Mayor Bloomberg's latest anti-obesity proposal—ban sales of giant flagons of sugary drinks by next spring—has been criticized as bad politics in support of good policy. In fact, it is the opposite: Such a ban will do almost nothing to lower obesity, but it is an example of democracy working the way it should.
The plan won't achieve much because it's premised on the notion that the entire population drinks too much soda, and that this contributes to the general rise in obesity in the city's population. As Trevor Butterworth nicely explained here, though, general statistics about per capita soda consumption disguise reality. Most people don't consume vast amounts of sugar water. But those who do, well, they really do. Most of the population, then, won't be affected by the regulation. And what's to stop the other 20 percent from just buying two or even three cups at the new 16-ounce maximum size?
But Butterworth also castigates the Mayor for political tone-deafness, saying he has turned soda into "a symbol for intrusive, meddlesome, government." In other words, the Mayor has set back the cause of health-promotion by linking it to the dreaded imagery of the Nanny State.
The assumption here is that there is some fixed boundary between private life and public affairs. In fact, this boundary moves over time, with changes in societal circumstances and scientific knowledge.
For example, in 1900, millions of people around the world were outraged at the thought that the government could force them take a vaccine for smallpox—what could be more private, and sacrosanct, than the individual's right to control his own body? How could the government force anyone to offer herself up to "pollution and filth and disease"? Clergy preached that "medical liberty'' was vital as freedom of religion. Doctors protested the trampling of their professional dignity. In Great Britain, anti-vaccinationists were strong enough in Parliament to win a personal-conscience exemption in the 1898 mandatory immunization law. It gave birth to a new legal term: ``conscientious objector.''
But the germ theory of disease had laid bare an undeniable connection between the private life of the body and public welfare. When a forced-vaccination case reached the U.S. Supreme Court in 1905, the libertarians lost, 7-2, as the Court held that individual rights are outweighed by the community's "right to protect itself against an epidemic of disease which threatens the safety of its members.''
In other words, the turn of the last century saw a redrawing of the boundaries of private life, in the name of fighting infectious disease. Today, as the Bloomberg initiative illustrates, we're arguing about whether to redraw those boundaries again, in the name of fighting chronic disease (diabetes, heart ailments, stroke, kidney failure and so on). The reason: Your likelihood of coming down with one of those appears to depend on small, habitual, daily choices about what you eat and do with yourself.
That's the case for seeing these private choices as public business. Maybe the result of today's ongoing political debates will be to leave the definitions of public and private life as they were in 1980. But I wouldn't count on it.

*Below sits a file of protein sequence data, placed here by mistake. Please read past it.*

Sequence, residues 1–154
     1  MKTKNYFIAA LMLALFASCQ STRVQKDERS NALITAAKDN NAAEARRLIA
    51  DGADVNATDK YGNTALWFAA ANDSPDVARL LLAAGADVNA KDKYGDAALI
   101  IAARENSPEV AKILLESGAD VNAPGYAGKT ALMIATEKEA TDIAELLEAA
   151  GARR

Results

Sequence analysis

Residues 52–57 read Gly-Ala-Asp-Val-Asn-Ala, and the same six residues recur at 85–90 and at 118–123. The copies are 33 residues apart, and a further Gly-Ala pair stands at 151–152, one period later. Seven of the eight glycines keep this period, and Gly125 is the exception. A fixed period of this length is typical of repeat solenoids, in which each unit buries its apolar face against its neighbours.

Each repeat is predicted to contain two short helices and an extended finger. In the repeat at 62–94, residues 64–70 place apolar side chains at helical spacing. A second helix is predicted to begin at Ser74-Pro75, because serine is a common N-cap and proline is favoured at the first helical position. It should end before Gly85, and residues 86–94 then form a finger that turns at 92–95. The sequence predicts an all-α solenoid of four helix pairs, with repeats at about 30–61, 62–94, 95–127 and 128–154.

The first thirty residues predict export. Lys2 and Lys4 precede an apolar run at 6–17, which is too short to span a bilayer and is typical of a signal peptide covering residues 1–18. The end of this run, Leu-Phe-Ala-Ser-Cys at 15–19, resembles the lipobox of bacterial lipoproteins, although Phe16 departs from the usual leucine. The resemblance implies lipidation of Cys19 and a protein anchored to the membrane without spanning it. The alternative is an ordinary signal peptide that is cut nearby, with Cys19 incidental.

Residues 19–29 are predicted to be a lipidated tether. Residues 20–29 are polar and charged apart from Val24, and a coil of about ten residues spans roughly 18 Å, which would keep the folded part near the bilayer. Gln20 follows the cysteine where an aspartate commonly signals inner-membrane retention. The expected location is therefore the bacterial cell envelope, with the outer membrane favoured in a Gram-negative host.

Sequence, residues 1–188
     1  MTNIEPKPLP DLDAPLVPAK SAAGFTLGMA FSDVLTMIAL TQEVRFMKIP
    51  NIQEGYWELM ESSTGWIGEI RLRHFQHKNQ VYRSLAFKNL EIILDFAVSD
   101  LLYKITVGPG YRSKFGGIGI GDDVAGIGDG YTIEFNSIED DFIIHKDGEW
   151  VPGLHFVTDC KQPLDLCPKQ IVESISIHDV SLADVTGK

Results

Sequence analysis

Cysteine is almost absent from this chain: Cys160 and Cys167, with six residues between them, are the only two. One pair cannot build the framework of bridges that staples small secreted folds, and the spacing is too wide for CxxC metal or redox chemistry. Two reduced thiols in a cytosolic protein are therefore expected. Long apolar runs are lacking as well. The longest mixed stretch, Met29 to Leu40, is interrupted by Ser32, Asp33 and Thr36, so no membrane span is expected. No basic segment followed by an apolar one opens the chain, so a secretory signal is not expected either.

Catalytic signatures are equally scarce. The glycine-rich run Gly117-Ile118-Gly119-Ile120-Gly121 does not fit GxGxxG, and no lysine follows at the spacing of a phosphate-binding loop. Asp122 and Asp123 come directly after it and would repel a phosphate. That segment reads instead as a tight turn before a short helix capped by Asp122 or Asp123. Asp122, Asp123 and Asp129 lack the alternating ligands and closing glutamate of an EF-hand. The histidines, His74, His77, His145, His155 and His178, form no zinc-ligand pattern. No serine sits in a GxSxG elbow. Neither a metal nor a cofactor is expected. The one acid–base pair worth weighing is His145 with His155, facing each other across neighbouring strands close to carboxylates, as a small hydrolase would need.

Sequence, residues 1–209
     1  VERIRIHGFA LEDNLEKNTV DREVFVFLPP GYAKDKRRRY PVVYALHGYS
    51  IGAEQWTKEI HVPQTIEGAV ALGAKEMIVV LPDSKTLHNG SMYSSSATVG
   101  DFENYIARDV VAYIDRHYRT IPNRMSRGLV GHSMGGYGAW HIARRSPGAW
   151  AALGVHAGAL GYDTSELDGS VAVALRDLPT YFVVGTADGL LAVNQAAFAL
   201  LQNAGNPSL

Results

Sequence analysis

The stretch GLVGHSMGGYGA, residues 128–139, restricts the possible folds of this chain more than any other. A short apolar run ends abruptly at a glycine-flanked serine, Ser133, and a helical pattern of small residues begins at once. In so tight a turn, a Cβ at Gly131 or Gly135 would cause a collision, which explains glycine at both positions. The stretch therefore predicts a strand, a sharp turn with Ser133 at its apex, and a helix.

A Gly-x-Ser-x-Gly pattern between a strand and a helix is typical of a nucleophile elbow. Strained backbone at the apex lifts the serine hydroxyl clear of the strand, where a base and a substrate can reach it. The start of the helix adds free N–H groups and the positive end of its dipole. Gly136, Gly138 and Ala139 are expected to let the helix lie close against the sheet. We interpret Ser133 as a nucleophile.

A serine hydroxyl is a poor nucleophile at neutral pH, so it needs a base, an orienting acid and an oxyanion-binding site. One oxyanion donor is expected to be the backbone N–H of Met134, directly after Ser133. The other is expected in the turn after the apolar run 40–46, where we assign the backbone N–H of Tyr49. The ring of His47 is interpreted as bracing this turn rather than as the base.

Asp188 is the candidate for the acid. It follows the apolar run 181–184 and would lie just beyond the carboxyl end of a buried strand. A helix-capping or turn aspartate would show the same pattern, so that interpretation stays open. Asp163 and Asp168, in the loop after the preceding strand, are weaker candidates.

In any event, the right thing for a democracy to do is to have the debate. This is my second problem with the "Nanny State" caricature. In announcing his ban, is mobilizing the angry public and attracting argument against it (and a few in favor). If he succeeds short-term (likely, as he needs only the approval of the Board of Health, which he appointed) then we, the sugary-drink-constrained hordes, might adapt to a new landscape, as we have with smoking in bars and restaurants. If we decide instead this ban was stupid, we will vote in a new Mayor sworn to oppose it, and/or get the City Council to overturn it. This is how it's all supposed to work—debate, persuasion, votes, majority rule.
This noisy and messy process seems to me entirely preferable to the other game in town, which is to get people to change their behavior by insidious means. Set up the organ donation system so that people unthinkingly check "yes." "Nudge" them to put more into their retirement IRAs by changing the forms a little. Tell them they should cut down on soda, even if, for many people, it isn't true.
I'm referring here to the mentality embodied in this reaction to a recent study suggesting that regular exercise can be harmful to some healthy people: "There are a lot of people out there looking for any excuse not to exercise,” William Haskell, emeritus professor of medicine at the Stanford Prevention Research Center, told Gina Kolata. "This might be an excuse for them to say, 'Oh, I must be one of those 10 percent.' "
Think about that for a moment. Professor Haskell doesn't dispute the merits of the research; he's simply saddened that people will learn about it. Because people, pfffft, you never know what they're going to go off and do with information.
I've seen a fair amount of this attitude toward fellow citizens, summed at one wellness-promotion conference a few years ago as "how we can minimize consumer irritability while extracting their cooperation in improving their health and wellness." It is as undemocratic as you can get. Yet governments are increasingly interested in it.
So, two cheers for Bloomberg's soda proposal. In a time when public-health officials are increasingly attracted to hidden, unnoticeable persuasion, at least he wants to play fair.